Pastoral care 101

Below is an excerpt from the eBook Pastoral Care ( in a nutshell series) by Nick Gwynn. For a copy visit and leave a message for Nick

The word ‘Pastor’ is an ancient term that derives from a Greek word poimēn usually translated as ‘Shepherd’ or ‘To Shepherd.’ It is from this basis that our definition and understanding of pastoral care comes from. Typically, the term ‘pastoral care’ has been used to describe the action of church leaders and workers, looking after the spiritual wellbeing of their congregation members. Today, ‘pastoral care’ is a term used in various settings, both religious and secular (i.e. Educational Institutions, Hospitals etc.) to describe the skill of assisting people to improve the ‘inner resources’ of their spirit, emotions and thoughts and subsequently their lives. It is not necessarily counselling or therapy but it is a care model and profession nonetheless with the motive and intention of support and care.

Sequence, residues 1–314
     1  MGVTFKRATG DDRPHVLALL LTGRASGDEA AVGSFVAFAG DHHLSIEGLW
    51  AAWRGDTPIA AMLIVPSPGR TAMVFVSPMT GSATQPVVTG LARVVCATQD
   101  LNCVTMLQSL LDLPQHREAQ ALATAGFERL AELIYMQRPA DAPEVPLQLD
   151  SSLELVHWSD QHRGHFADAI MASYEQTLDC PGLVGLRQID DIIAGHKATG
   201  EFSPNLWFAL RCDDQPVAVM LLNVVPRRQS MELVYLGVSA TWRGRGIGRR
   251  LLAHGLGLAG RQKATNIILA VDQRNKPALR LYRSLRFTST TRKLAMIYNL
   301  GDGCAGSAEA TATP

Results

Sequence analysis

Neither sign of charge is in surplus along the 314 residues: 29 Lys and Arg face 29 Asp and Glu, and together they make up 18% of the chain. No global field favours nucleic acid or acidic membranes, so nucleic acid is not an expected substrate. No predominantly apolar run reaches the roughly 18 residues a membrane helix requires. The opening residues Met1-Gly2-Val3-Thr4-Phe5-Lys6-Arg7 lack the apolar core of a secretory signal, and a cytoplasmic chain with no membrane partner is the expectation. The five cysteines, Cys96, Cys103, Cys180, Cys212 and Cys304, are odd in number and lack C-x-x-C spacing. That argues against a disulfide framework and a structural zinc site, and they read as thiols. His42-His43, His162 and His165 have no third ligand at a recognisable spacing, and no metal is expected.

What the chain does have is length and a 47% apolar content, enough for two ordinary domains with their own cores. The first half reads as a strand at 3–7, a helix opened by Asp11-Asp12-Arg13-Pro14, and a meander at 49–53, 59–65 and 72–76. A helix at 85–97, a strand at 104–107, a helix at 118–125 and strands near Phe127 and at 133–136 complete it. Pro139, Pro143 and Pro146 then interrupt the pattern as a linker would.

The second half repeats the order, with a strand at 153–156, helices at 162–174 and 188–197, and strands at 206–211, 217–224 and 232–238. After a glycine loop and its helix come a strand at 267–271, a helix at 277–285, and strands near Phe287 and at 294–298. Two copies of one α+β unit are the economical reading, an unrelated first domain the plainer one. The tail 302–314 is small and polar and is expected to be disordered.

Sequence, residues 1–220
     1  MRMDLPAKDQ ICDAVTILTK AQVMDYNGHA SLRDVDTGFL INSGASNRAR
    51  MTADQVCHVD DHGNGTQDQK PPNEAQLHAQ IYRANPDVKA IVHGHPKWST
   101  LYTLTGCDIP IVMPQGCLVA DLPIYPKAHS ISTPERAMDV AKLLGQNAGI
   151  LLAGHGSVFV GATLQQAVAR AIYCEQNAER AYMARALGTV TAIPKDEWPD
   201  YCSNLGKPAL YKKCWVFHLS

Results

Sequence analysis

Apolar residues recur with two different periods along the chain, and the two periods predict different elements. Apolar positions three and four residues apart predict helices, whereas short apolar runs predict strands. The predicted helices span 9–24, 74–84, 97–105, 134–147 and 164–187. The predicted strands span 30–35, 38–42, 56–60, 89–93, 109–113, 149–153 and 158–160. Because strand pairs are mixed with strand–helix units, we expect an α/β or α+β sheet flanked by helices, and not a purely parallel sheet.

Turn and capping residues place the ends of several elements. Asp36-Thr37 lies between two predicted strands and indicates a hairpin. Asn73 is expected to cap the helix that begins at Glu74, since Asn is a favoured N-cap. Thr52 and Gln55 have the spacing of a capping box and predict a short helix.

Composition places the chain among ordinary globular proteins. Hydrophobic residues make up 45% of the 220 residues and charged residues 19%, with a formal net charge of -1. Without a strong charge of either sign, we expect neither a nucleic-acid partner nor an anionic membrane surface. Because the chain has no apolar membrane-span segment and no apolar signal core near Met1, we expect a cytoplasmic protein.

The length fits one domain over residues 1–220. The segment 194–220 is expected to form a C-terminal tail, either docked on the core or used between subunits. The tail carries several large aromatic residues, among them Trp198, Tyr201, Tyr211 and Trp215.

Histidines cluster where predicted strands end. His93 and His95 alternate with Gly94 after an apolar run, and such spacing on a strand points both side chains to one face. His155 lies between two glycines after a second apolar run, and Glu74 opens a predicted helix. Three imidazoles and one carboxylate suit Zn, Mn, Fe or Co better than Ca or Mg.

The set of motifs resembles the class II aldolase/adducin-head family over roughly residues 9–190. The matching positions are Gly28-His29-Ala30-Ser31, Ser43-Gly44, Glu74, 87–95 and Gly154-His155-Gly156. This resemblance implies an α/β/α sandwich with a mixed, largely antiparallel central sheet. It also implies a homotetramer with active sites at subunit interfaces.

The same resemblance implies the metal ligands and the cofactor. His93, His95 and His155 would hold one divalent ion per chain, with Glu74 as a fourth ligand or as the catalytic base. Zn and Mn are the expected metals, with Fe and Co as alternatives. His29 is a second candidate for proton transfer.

There are particular activities that aid and help to replenish these ‘inner- resources’ of people’s lives. The primary vehicle through which these come is relationship. Pastoral care is in great demand wherever there are people. The bottom line is, wherever there are people there are needs. The fundamental need that is common to all people is the need for relationship. In short, human beings are relational; and pastoral care at its core is all about relationship. Everything that happens in the context of pastoral care begins and ends with relationship. If we are involved in pastoral care work, we must have the foundational understanding that ‘relationship’ is the central focus. This includes the relationship between the pastoral carer and the client and relationships the client has with others.

The health of a person’s relationships is directly proportional in many ways to a person’s mental, emotional, spiritual and even physical health. The relationship you build with your client itself has an enormous capacity to bring change, strength and resilience to them. In a world where loneliness is epidemic, especially in the Western World where individualism and independence are often emphasised at the expense of community, don’t ever underestimate the significance and power of relationship, including your relationship with your client.